When it comes to comedy venues, Brooke Van Poppelen doesn’t discriminate. She’s performed on John Oliver’s New York Stand-Up Show, in a Chicago deli and, as part of IFC’s Comedy Drop web series, a New York City tattoo parlor. To find out how she’s able to elicit laughter in unexpected places, we asked Brooke questions about her difficult, slightly terrifying craft.
Aside from Comedy Drop, where was the strangest—or most interesting—place you’ve done stand up?
Well, I hate to brag but one time in Chicago my improv team performed in a deli to a few people eating hot beef sandwiches. Then there was the time I performed at a biker bar and the “stage” was standing on the bar Pee-Wee’s Big Adventure style. Luckily I didn’t knock anyone’s hog over.
Where was the first place you ever performed?
I tried stand up for the first time at the infamous Lyon’s Den open mic on Chicago’s North side in 2003. That open mic was the starting point for so many Chicago ex-pats who are all over television, film and radio now. It’s pretty awesome to think about sometimes. I fell offstage and onto my back because the heel of my vintage boot broke off. The host had to help peel me off the floor. I knew it could only go up from there.
Performing in front of crowds—especially ones not expecting comedy—has to be tough. Do you have any rituals to shake pre-show jitters?
I just throw myself into situations. The more I pre-judge and overthink the worse it gets. And here’s some sage advice — any time comedy is going to be competing with an unsuspecting person eating pancakes, you’re definitely going to lose. So, the most important thing you can do is try to be likable and confident. Inside you’re dying but you have to push through. Oh man. It hurts to think about. Comedy Drop was one of those moments.
How do you approach joke writing? Do you hunker down and write, or does inspiration need to find you first?
I am a mixed bag but I veer toward the personal because it’s less likely people will have similar material to you. I just try not to tell personal stories/ jokes about stuff that happens to everyone — like, “this one time I was tired and hungry. Can you guys believe that?!”
Is a joke ever fully “ready,” or is it always “in progress”?
It is always a work in progress. The hard part is admitting that it still needs work. The jokes that get a solid laugh are the hardest to work on because you”re like, eh– good enough. But why wouldn’t you want to take a solid laugh and turn it into a joke that makes people have a seizure from laughing so hard? I’m lazy.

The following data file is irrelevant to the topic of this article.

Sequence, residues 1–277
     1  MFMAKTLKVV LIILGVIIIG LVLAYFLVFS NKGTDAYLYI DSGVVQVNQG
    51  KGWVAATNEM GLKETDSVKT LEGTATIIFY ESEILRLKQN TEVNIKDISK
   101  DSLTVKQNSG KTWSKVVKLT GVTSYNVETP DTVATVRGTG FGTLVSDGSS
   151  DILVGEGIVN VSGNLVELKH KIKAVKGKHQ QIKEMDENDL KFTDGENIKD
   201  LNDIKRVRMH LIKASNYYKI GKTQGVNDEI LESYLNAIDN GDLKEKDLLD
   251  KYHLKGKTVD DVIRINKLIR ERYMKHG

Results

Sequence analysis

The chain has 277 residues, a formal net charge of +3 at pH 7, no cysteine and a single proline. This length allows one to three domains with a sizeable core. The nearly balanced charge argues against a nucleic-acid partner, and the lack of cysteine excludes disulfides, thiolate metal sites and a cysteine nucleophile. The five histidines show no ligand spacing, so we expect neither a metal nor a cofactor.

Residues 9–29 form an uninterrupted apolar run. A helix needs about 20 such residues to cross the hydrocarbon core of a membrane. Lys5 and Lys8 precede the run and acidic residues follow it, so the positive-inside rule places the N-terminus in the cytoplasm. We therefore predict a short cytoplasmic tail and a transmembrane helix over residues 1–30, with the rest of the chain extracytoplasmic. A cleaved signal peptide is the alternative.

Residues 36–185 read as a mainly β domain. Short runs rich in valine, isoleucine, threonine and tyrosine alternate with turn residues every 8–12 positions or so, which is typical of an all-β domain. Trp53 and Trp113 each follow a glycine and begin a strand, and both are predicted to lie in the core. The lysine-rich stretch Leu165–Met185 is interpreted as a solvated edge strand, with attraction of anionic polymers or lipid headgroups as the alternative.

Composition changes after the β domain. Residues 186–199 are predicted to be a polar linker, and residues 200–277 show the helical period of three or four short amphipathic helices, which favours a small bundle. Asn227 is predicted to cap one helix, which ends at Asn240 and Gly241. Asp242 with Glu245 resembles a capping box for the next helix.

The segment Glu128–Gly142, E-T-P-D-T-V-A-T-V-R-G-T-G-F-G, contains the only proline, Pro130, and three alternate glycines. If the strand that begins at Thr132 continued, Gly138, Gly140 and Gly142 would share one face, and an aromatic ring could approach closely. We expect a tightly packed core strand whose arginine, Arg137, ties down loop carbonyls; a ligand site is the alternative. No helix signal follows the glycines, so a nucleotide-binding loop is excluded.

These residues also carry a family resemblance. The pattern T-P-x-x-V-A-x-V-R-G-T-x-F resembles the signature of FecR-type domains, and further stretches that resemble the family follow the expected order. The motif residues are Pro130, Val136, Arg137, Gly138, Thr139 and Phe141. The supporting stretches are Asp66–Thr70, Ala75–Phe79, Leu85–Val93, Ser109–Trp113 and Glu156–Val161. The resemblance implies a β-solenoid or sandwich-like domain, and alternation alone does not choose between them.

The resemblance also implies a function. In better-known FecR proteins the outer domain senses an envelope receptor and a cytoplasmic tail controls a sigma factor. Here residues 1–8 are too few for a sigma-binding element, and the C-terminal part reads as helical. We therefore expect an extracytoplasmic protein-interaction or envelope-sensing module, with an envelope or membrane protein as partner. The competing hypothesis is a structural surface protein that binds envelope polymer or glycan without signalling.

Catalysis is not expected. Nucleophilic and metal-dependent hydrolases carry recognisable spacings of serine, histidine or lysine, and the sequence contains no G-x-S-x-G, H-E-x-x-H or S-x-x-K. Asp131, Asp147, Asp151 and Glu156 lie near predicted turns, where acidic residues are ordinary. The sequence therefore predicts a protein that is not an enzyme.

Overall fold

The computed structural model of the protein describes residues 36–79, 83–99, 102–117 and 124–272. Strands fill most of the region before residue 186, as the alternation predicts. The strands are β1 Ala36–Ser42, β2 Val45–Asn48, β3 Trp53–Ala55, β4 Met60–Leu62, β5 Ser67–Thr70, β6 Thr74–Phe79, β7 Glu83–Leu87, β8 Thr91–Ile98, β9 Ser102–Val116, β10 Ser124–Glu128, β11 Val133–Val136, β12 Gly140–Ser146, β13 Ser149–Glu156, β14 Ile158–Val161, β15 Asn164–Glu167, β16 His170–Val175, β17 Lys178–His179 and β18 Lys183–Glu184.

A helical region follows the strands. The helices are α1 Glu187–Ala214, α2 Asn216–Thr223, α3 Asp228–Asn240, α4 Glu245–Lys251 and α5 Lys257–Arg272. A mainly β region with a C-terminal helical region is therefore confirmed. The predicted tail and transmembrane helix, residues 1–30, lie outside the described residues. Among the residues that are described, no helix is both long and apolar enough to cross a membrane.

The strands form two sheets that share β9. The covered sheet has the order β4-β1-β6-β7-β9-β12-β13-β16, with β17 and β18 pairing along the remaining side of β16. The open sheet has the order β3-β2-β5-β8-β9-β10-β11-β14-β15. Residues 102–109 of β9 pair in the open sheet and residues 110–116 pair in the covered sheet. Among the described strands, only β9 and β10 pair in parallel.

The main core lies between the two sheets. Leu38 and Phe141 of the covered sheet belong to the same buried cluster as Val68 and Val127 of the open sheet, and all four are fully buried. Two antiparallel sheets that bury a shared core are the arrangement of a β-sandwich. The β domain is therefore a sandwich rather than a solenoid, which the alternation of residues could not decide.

What is the best piece of stand up advice you’ve ever heard?
People love to give you advice in this business. There’s a new list on BuzzFeed every day of “amazing advice from comedians” and it always rules. People like Amy Poehler and Louis C.K. are people I am going to listen to when they dish advice. They’re so good at it.
I was thinking I’d like to give some advice if that’s cool. And it’s something that I tell myself when I am auditioning and trying to get “next level” work to land. I think you have to dream big and visualize and fantasize that you are going to get that job or get that part every single time you go into something. You bring great energy to the table when you do. It’s learning to not care when you don’t get it and have a really quick recovery time from that. I used to get so crushed when I didn’t get something and would let that flavor my attitude while auditioning. I would bring an energy like “Why would they cast me? This role is too big for me and I never get anything anyway. This is what I get for dreaming. Dumb me. ” Ugh.
Get excited that you are asked to audition for anything, bring that vibe with you and then immediately let it go the minute it’s over.
What’s a joke that makes you laugh, or smile, every time?
There are so many jokes I love to hear from my comic friends. My favorite is when comedians actually shut the hell up and stop looking at their own notebook for a second because we know that so and so is about to launch into one of their best jokes. We all nudge each other like “here it comes!” That is commiserating at it’s best. I was performing on Greg Barris’ awesome show Heart of Darkness last week and while Jim Gaffigan makes me cry with laughter all the time, he told a joke about car service in NYC that made me spit out some of my drink. He expertly imitated how you call, don’t even say anything and the guy immediately says “5 minute” then hangs up. Jim is like “hello? are you even going to ask where I live? And somehow they still show up.” I lost it. It’s hilarious because it’s a really specific, geographic experience. Only in NY, right?